instruction set

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instruction set

[in′strək·shən ‚set]
(computer science)
Also known as instruction repertory.
The set of instructions which a computing or data-processing system is capable of performing.
The set of instructions which an automatic coding system assembles.
McGraw-Hill Dictionary of Scientific & Technical Terms, 6E, Copyright © 2003 by The McGraw-Hill Companies, Inc.

instruction set

(architecture)
The collection of machine language instructions that a particular processor understands.

The term is almost synonymous with "instruction set architecture" since the instructions are fairly meaningless in isolation from the registers etc. that they manipulate.
This article is provided by FOLDOC - Free Online Dictionary of Computing (foldoc.org)

instruction set

The group of machine language instructions that a computer can follow, which may range from a handful to several hundred. It is a fundamental architectural component of a CPU and is either built into the CPU or into microcode, a layer between the instruction set and the circuitry. The instruction length is generally from one to four bytes long. See CISC, RISC, machine language, microcode and CPU.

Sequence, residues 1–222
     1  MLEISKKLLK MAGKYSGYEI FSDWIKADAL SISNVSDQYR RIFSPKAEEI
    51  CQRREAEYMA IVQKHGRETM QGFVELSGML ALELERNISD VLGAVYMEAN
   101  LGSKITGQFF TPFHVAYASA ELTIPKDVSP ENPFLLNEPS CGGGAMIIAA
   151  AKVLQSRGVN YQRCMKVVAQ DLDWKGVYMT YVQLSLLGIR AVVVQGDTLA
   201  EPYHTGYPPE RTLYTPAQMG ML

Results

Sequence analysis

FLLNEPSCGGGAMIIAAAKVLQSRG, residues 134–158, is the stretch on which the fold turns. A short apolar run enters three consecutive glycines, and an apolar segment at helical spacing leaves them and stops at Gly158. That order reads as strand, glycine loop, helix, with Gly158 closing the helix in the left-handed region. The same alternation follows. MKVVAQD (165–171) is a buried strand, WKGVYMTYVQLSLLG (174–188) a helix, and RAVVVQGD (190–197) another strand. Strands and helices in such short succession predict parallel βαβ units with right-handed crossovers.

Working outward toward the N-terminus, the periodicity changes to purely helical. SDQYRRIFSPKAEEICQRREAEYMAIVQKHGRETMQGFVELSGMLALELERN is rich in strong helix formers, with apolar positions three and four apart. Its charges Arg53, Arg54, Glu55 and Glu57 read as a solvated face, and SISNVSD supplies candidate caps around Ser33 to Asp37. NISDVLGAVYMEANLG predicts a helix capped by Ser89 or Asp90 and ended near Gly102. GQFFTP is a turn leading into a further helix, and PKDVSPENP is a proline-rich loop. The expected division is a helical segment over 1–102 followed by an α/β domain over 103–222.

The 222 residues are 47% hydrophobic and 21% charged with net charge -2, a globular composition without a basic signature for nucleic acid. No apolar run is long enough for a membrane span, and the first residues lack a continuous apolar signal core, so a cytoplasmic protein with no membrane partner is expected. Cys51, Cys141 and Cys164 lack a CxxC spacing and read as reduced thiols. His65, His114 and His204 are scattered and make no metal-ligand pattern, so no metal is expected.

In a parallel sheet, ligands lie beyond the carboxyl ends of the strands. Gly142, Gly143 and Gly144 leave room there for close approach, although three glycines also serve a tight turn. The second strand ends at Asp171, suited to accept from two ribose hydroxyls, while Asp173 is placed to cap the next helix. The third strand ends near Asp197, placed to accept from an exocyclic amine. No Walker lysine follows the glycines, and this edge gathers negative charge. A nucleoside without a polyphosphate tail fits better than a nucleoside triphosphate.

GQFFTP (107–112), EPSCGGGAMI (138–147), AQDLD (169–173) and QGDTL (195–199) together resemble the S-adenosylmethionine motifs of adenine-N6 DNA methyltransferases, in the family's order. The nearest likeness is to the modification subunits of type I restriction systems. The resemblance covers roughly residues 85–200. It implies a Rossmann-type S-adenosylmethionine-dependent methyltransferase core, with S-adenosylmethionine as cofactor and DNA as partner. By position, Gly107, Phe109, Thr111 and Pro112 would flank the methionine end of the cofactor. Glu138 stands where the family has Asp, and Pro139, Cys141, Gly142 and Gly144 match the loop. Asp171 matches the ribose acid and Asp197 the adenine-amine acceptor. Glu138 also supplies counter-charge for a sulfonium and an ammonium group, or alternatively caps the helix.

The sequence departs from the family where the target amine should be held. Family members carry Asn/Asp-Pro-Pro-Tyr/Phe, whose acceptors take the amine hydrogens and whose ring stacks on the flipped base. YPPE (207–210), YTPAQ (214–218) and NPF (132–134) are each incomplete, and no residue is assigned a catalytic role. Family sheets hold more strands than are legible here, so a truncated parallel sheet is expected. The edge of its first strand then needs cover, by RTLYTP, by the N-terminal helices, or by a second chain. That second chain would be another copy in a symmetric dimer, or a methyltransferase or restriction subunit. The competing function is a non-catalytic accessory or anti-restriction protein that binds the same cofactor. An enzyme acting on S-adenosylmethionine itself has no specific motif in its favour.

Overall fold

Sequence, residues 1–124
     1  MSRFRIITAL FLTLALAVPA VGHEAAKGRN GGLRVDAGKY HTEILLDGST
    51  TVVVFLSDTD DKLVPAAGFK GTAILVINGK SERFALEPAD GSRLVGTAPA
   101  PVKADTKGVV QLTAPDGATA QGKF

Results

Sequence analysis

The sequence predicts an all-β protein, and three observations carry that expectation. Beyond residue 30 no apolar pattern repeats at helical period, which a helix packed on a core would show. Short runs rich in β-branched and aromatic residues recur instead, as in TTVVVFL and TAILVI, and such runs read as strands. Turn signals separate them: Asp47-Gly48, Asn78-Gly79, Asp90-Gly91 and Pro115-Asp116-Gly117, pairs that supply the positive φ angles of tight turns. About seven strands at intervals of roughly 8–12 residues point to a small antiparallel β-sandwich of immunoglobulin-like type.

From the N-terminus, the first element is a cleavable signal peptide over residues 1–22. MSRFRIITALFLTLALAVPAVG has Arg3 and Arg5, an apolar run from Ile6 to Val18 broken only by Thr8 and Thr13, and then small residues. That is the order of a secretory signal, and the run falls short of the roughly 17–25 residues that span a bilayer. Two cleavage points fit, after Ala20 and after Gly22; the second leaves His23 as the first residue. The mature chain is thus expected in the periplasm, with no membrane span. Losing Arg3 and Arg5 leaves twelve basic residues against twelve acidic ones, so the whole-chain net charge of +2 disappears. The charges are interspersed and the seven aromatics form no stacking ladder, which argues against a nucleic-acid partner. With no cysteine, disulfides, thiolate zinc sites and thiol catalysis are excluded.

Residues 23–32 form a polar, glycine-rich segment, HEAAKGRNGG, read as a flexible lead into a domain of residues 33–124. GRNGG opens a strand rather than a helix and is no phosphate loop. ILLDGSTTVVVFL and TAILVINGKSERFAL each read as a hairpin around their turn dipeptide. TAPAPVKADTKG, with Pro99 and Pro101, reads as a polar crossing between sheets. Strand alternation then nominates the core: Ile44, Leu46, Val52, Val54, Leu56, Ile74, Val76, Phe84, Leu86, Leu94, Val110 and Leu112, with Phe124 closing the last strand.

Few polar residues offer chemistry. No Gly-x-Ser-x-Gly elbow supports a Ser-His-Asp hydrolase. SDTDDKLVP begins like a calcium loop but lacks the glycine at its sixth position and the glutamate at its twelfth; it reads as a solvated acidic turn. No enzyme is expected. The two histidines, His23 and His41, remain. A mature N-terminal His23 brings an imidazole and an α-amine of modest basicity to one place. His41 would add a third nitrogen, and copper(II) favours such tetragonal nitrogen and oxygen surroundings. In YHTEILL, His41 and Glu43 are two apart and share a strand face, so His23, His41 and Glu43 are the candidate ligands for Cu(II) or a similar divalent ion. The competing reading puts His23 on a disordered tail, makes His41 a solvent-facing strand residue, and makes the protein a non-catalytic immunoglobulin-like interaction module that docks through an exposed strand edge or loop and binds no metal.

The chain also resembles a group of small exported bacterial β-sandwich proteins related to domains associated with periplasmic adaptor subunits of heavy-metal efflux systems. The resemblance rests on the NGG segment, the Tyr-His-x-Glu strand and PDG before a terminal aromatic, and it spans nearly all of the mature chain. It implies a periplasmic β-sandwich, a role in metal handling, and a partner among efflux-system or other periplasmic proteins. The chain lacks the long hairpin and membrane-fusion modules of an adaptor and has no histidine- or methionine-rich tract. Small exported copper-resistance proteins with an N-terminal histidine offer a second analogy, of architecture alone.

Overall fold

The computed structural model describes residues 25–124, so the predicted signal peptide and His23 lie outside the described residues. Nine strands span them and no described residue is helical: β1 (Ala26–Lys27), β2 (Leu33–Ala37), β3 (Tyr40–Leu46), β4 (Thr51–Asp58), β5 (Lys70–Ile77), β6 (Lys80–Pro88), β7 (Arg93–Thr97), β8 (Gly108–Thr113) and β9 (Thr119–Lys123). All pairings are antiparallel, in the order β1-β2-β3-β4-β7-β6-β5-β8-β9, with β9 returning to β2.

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References in periodicals archive ?
x86 is a family of backward compatible instruction set architectures, based on the Intel 8086 CPU and its Intel 8088 variant.
(NASDAQ: MIPS) has announced a major release of the MIPS(R) architecture, encompassing the MIPS32(R), MIPS64(R) and microMIPS instruction set architectures.
Its anti tamper solutions are based on its TrustGUARD security processors that pioneered the concept of random instruction set architectures that are unique for each device.
With time, the combined unit gains of software VM interpreters and Java VM extensions to ISAs (Instruction Set Architectures) will reduce the value of VM accelerator cores and will motivate their providers to extend their usefulness beyond Java or even replace Java VM with other functions.
Complex instruction set architectures were primarily motivated by a desire to reduce the "semantic gap" between the machine language of the processor and the high-level languages in which people were programming.

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